In the final installment of Kiwi yarns (did Hannah really go to New Zealand I hear you ask?!) I’ll be talking all things minerals. Despite working predominantly with dairy cattle over in NZ, these principles apply to dairy cows, beef and sheep alike!

Given our recent tropical climate mineral supplementation is all the more important to bear in mind in the coming months, as we may see varying degrees of quality forage. Those feeding a TMR ration may also find dry matter intakes have dropped in the heat. When we combine all of these factors we may find that mineral intakes, from dietary sources, may have altered due to either the nature of what we are feeding or how we are feeding it.

So, what do we mean when we talk about minerals?

A mineral is a “solid, naturally occurring inorganic substance” that is required by the body to perform a variety of functions. These can be split into two groups: macrominerals – minerals that are required in larger amounts such as Calcium, Phosphorus and Magnesium, amongst others. We also have Trace Elements (or micro minerals), all essential elements for the body that are needed in tiny amounts, but are still essential for normal bodily functions, eg. Copper, Iodine and Selenium.

With dairy dry cow diet formulation a lot of the macrominerals are now heavily managed and diets are balanced to ensure issues with calcium and magnesium are greatly reduced or even totally avoided on some units! That said, we do still encounter the odd milk fever.

With a less obvious presentation occurring with trace element issues, they can often go unnoticed until there is a real issue.

Minerals - Dairy Talk

So, what trace elements are important and why?

Selenium: selenium is essential for a wide range of functions relating to growth, immunity and fertility. This is because it is a component in a large number of proteins and enzymes responsible for physiological functions within the body. Selenium deficiencies can present in a wide range of ways such as ill thrift, poor immunity, poor fertility performance (including both cyclicity and issues post calving) or even white muscle disease (weak calves that fail to thrive).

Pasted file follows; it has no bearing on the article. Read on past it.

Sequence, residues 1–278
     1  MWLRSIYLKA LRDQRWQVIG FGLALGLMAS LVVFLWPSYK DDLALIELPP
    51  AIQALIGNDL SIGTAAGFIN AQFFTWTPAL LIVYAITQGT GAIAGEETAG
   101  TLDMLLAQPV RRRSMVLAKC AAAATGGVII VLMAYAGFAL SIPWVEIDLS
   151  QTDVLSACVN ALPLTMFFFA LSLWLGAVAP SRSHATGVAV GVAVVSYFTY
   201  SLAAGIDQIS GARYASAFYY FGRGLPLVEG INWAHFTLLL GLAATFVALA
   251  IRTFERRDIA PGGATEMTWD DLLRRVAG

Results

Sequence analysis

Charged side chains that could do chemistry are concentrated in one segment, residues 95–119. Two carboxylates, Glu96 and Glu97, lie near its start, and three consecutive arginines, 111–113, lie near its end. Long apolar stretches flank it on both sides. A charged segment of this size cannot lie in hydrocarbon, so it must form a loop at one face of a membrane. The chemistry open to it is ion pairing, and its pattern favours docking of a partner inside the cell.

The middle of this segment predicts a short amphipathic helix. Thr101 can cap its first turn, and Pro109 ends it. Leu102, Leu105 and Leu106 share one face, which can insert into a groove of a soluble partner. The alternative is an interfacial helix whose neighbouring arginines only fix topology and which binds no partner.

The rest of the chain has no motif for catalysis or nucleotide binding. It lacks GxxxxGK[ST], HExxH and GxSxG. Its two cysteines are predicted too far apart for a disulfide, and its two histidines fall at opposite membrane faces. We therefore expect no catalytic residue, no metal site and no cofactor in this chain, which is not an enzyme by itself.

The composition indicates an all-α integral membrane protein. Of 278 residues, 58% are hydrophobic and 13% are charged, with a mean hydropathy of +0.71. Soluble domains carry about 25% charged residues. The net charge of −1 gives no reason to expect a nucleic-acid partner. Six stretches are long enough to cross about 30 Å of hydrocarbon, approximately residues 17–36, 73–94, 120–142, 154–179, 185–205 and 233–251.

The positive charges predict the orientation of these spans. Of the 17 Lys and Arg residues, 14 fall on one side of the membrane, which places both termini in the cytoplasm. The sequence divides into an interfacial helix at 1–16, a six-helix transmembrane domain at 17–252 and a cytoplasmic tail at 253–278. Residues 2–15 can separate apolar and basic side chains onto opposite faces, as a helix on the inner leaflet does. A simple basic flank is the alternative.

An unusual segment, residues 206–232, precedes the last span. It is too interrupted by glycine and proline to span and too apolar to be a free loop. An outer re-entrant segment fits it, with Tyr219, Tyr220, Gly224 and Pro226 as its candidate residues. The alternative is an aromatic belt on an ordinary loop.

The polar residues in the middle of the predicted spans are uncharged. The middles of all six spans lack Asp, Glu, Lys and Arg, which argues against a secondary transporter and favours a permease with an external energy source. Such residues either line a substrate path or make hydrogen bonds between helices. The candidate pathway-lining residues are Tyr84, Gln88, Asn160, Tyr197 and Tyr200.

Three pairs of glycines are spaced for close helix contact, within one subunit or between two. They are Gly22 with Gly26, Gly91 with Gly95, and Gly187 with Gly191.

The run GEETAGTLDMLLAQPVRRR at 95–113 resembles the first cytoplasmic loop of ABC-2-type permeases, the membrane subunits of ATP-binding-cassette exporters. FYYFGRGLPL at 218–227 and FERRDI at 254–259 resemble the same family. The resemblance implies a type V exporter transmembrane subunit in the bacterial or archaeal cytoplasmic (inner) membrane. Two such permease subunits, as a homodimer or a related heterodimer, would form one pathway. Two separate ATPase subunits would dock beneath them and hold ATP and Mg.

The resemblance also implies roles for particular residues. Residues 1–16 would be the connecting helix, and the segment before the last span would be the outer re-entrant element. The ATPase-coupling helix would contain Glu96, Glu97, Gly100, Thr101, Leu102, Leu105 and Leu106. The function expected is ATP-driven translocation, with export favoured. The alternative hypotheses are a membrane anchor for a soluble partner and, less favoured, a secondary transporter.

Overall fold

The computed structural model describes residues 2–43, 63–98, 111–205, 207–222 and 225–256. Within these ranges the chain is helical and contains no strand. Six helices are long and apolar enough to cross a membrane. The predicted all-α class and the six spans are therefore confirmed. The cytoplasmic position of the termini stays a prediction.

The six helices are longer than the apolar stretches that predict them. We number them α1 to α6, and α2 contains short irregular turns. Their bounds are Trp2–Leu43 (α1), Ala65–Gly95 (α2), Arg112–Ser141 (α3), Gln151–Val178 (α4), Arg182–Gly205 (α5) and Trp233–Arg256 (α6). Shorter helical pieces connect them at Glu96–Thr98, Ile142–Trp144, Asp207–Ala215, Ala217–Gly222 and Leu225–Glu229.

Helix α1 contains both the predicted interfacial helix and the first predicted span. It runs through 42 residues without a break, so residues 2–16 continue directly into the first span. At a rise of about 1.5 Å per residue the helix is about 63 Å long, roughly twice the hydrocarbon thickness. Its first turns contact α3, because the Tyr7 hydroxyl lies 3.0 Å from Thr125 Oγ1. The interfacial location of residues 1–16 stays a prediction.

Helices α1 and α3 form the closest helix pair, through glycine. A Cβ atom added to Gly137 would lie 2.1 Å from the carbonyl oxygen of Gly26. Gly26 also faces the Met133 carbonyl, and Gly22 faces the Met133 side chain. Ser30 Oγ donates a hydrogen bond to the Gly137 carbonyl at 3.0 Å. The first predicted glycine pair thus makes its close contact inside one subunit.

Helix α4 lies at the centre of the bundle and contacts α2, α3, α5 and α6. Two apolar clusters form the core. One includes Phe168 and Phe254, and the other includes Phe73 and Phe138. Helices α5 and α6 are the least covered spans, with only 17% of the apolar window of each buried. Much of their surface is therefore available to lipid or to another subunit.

Iodine: Iodine is essential for thyroid function and, similarly to selenium, is needed for a variety of bodily functions. Low levels can cause calves to be stillborn, along with fertility issues (including poor heat expression), poor growth and reduced milk production.

Cobalt: Also known as B12, cobalt is needed by micoroorganisms in the rumen to break down cellulose; ie. So that the rumen bacteria can fully utilise the diet they are presented with. Low levels can cause issues with growth.

Zinc: Similarly to most of the trace elements mentioned zinc is involved in a wide range of functions and low levels can be associated with poor growth and production, fertility, immunity and hoof growth.

Copper: In the UK we often find issues with over supplementation as opposed to under. Copper issues may be associated with poor fertility, ill thrift and can be identified by animals with pigmentation issues (spectacles).

Assessing mineral status

The easiest method of assessing mineral status is through blood samples, looking at circulating levels. However, minerals such as copper and cobalt are stored in the liver and so circulating levels can appear normal, whilst the actual levels in the body may not. In this case, liver biopsies can prove more useful and give a true assessment of an animal’s status.

So, how do we alter levels in the animal?

In the UK, we predominantly alter trace element levels through dietary/ oral supplementation. The key to supplementation is to assess all ways in which an animal is receiving minerals; which means looking at all aspects of a diet. Where animals may be competing for mineral access, such as top dressing or a mineral lick we cannot be sure how much they are receiving. Therefore, a mineral bolus is the ideal way of being fully confident in how much an animal is receiving.

So, what should I do about minerals?

Next time you have a vet on farm, discuss your herds mineral supplementation approach to identify if there are any weak points. If there are, the first step may be sampling a group to assess status and then choosing the most appropriate bolus to increase levels appropriately.

The bolus chosen should supply appropriate levels of the minerals required ie. You don’t want to be paying for something you don’t need and risking toxicity!
At LLM, we stock the Vetalis boluses which supply some of the highest amounts of daily iodine and selenium. These can be particularly useful for grazing cattle and dry cows. If you’re interested in hearing more, please don’t hesitate to call the practice.